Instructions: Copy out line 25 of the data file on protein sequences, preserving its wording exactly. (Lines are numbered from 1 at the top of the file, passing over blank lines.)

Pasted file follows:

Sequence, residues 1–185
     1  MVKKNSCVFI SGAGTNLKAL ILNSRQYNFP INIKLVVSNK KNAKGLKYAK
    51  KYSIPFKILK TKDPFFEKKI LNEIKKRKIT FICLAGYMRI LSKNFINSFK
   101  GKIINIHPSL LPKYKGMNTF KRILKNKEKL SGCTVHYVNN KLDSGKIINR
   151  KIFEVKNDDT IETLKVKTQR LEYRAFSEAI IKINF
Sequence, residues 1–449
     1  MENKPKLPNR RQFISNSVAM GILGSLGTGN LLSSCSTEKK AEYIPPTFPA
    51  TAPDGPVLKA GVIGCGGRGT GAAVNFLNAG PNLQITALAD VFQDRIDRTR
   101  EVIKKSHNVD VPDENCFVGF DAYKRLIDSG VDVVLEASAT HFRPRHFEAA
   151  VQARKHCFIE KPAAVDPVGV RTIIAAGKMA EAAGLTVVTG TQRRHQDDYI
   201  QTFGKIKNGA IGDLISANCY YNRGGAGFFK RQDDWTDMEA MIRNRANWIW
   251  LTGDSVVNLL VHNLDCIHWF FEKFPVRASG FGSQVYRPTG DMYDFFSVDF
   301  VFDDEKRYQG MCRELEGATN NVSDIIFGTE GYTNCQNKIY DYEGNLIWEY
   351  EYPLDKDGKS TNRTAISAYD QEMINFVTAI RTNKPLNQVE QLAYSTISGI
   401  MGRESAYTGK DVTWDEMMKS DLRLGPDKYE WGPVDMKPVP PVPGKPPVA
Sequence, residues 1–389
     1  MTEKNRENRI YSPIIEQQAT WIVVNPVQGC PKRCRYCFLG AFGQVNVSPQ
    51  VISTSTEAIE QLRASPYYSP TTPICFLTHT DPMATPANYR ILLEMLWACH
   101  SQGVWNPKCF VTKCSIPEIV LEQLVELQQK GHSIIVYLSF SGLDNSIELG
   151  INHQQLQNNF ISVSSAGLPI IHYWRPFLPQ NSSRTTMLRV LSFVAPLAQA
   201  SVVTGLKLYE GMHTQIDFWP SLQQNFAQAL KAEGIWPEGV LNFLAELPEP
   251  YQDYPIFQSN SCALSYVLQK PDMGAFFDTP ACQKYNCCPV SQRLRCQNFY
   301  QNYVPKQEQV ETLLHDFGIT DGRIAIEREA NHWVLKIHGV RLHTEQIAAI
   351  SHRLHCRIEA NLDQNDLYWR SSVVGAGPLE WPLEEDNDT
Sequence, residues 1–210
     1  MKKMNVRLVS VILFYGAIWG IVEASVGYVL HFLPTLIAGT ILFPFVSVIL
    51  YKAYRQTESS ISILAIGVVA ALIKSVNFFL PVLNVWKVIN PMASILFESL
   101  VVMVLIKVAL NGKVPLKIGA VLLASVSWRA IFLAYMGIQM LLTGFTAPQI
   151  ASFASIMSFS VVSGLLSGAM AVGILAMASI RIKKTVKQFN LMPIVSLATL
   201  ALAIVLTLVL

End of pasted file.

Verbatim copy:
Sequence, residues 1–210